"Some performers don't write or conceive of things. They're joke tellers and laugh getters. They draw from a sort of public domain pool of jokes. Some them are just better than others at it."

Jack Benny's predictable routines were "okay for their time. He was cheap, he was 39 forever, he had great delivery and knew which jokes to reject. But I don't think he was a humorist."

Some of Carlin's "heroes" are Danny Kaye, Ernie Kovacs, Steve Allen ("when he was really trying and using his brain"), the Marx Brothers, Ritz Brothers, Bob Newhart ("at his best in the beginning") and the catalyst, Lenny Bruce.

Like Lenny Bruce, Carlin is fascinated with words and names. He loves to play with them and twist their meaning out of shape.

"Names. They mean something. For instance, you wouldn't buy Goodyear pancakes. No one wants those. You wouldn't want Aunt Jemima tires for the same reason. If Janitor in a Drum made a douche, nobody'd buy it."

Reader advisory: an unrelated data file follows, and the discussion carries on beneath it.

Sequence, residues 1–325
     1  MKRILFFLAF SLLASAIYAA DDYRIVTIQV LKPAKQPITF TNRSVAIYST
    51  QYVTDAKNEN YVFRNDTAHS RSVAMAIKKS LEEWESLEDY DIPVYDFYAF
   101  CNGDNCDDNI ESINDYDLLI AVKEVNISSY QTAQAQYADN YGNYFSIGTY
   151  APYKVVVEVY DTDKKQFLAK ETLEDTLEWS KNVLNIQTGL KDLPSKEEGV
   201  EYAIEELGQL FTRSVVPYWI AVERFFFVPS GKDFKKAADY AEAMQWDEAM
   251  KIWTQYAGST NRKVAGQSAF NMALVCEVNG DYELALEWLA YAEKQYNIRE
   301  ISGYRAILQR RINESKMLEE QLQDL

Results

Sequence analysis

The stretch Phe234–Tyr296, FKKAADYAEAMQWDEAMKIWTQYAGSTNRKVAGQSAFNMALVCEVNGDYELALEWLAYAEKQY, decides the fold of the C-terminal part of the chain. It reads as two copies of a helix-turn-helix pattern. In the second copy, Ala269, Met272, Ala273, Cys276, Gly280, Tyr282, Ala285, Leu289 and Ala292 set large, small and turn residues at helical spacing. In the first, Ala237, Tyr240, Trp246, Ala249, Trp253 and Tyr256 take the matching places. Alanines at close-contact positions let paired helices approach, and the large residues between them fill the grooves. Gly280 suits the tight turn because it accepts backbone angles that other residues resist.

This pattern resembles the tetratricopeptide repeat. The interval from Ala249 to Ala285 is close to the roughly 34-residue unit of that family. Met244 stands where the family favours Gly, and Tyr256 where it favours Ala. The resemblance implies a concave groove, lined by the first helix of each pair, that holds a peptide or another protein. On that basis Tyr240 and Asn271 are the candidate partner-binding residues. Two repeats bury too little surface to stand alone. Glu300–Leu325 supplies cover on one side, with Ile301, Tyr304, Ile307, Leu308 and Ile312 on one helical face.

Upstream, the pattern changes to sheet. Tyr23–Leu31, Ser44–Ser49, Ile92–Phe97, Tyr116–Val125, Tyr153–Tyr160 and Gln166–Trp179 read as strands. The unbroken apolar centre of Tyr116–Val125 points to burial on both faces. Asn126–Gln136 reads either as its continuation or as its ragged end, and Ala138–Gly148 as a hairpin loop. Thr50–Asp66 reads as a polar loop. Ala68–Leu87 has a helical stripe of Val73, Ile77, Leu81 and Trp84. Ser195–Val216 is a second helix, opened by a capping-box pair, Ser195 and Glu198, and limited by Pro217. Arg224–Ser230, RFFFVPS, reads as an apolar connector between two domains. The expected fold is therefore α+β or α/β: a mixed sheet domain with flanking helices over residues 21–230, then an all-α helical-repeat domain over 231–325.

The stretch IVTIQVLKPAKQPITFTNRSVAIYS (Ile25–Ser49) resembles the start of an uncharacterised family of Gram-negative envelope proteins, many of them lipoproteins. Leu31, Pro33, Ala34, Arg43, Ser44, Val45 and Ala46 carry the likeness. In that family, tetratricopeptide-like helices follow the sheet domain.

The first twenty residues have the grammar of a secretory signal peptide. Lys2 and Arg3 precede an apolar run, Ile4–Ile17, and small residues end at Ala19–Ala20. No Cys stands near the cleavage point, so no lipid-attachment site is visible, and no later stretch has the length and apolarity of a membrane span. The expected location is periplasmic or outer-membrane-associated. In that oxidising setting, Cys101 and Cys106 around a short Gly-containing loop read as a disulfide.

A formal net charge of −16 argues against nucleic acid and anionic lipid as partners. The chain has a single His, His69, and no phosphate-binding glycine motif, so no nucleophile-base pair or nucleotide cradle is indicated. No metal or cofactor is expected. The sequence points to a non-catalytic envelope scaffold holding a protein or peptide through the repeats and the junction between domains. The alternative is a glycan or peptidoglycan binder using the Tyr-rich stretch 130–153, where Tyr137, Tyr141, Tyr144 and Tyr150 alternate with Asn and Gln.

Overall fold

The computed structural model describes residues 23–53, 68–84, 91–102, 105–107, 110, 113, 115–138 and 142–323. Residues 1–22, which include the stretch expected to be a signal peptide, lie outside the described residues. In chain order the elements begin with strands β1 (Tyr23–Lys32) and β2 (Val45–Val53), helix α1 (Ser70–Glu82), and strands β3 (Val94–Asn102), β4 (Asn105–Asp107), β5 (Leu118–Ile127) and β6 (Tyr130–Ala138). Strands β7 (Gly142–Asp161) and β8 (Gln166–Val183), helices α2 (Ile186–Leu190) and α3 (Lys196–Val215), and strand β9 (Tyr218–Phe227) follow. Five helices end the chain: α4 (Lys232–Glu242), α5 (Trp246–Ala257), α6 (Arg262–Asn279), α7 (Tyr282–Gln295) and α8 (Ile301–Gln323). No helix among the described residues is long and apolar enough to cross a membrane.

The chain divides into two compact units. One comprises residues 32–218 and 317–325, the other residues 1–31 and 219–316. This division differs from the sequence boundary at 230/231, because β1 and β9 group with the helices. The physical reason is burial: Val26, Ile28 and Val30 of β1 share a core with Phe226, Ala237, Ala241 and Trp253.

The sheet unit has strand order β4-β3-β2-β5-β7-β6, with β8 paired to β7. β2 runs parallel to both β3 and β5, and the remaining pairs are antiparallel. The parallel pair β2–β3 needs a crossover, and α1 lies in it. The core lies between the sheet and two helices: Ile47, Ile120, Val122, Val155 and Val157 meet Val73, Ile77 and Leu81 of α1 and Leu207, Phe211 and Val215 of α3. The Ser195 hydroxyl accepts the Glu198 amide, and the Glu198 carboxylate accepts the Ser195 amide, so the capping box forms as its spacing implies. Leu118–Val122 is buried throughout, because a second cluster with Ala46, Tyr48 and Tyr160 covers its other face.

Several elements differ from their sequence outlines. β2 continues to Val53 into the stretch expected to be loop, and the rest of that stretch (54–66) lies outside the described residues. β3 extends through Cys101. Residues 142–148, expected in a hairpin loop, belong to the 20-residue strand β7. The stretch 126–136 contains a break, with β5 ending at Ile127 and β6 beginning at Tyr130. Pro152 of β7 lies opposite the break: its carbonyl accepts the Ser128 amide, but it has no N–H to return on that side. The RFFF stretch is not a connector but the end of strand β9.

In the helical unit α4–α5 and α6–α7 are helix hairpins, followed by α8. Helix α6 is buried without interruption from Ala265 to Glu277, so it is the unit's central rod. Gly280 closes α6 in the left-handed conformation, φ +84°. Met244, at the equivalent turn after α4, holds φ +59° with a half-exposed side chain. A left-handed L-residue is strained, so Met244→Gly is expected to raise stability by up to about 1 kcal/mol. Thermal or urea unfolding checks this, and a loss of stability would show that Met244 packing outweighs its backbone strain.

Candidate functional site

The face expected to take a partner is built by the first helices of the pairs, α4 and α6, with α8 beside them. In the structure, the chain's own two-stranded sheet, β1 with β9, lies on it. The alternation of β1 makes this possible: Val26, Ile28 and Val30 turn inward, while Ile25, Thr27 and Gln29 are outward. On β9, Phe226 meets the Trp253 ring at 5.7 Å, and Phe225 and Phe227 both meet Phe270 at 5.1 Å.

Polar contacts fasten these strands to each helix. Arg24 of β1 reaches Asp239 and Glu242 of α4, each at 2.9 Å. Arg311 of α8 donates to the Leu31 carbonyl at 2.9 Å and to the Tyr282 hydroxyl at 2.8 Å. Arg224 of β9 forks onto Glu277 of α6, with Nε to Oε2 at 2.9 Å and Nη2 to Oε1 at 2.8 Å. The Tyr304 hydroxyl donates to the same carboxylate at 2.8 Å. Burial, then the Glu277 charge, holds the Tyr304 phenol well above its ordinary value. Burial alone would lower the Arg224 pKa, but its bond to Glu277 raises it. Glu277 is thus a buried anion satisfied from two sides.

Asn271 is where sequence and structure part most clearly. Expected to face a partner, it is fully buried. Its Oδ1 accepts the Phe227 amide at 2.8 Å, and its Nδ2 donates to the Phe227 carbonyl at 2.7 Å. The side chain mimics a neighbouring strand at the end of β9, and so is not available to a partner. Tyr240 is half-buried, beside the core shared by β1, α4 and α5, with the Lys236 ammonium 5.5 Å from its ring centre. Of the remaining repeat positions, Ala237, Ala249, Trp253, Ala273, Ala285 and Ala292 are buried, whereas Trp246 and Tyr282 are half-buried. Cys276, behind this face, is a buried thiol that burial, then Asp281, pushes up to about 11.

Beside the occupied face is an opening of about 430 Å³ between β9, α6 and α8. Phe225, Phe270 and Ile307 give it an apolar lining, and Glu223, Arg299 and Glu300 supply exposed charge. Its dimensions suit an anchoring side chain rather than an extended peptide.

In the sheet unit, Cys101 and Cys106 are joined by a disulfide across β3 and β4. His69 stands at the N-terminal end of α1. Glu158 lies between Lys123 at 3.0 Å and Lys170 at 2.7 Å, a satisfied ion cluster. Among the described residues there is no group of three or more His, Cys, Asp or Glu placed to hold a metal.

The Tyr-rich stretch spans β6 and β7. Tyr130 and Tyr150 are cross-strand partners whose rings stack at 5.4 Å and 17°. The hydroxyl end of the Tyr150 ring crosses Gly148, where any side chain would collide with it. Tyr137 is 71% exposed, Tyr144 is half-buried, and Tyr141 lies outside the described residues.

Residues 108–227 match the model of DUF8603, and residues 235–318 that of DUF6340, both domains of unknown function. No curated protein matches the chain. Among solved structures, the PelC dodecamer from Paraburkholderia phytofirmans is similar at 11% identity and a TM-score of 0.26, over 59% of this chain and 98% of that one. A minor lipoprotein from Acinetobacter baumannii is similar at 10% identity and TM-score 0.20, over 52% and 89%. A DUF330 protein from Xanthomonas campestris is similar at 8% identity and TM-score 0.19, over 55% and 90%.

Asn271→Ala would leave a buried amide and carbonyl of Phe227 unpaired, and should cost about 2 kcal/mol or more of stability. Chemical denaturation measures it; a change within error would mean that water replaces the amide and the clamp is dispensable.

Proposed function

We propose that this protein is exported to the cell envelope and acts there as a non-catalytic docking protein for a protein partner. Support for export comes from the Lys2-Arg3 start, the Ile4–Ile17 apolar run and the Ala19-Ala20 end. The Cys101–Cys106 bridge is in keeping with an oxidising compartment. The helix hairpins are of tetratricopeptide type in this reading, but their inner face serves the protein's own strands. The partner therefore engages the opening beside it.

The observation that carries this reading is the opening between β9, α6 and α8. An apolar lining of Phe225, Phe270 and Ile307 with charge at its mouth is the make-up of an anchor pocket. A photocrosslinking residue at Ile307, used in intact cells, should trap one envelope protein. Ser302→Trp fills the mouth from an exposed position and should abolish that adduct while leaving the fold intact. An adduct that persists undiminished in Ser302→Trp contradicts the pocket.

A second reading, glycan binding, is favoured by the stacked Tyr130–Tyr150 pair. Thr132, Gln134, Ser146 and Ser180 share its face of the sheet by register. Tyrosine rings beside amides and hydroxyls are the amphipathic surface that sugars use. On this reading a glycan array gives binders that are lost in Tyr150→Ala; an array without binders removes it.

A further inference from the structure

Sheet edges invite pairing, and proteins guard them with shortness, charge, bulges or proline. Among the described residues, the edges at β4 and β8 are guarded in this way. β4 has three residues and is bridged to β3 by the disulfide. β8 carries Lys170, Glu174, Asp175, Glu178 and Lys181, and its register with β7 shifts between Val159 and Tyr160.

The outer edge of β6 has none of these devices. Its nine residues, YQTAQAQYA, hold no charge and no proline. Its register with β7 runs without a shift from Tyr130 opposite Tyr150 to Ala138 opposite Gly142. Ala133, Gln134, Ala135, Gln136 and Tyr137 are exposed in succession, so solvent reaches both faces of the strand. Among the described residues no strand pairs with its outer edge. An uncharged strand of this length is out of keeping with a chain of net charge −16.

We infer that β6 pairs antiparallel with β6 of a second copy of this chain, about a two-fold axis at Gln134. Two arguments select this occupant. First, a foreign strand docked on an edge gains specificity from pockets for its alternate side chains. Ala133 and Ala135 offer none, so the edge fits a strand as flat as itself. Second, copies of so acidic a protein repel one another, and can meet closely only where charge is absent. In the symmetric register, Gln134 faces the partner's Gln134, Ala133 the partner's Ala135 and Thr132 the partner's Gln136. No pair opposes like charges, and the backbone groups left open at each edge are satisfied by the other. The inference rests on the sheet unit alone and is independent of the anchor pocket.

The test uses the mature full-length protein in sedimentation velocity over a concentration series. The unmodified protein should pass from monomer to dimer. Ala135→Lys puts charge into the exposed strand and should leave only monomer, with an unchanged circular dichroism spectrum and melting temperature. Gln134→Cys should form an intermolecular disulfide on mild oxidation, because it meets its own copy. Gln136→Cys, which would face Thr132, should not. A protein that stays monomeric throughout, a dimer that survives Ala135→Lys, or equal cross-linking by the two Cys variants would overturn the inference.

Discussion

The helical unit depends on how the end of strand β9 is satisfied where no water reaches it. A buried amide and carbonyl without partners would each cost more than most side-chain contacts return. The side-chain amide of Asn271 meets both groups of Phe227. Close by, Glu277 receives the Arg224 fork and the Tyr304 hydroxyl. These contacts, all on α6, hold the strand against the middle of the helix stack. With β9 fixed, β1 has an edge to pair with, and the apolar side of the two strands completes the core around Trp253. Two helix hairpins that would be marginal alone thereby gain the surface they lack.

He explores the inside/underside of mass fascination in exhaustive detail. As did Lenny Bruce. Football and baseball, for instance. Have you ever looked at them this way?

"Woody Hayes is weird. He wears a baseball hat during football games. Can you imagine if Walter Alston wore a football helmet during a baseball game? They'd take him away in a wire truck."

"Football is a ground acquisition game. You beat the shit out of 11 guys and take their land away from them. 'Course you only do it 10 yards at a time. That's the way we handled the Indians, right? First down in Pennsylvania, Midwest to go."

"The language of football and baseball tells it all. Football is technological. Baseball is pastoral. Football is played on an enclosed grid. Baseball is played on an ever-widening diamond reaching into infinity."

"In football you have the hit, clip, block, crackback, the tackle, the blitz, the bomb, the offense, the defense. In baseball, you have the sacrifice."


Carlin is into drugs, although less so now. So, tragically, was Lenny Bruce.

"I was a pot smoker since I was 13," Carlin says. "At 21, stoned habitue. It's a permanent value changer. If you smoked only for a week when you were 16, and you thought about a lot of shit during that week, and you never smoked again, you'd be making decisions at 48 that would be somewhat different. I believe that."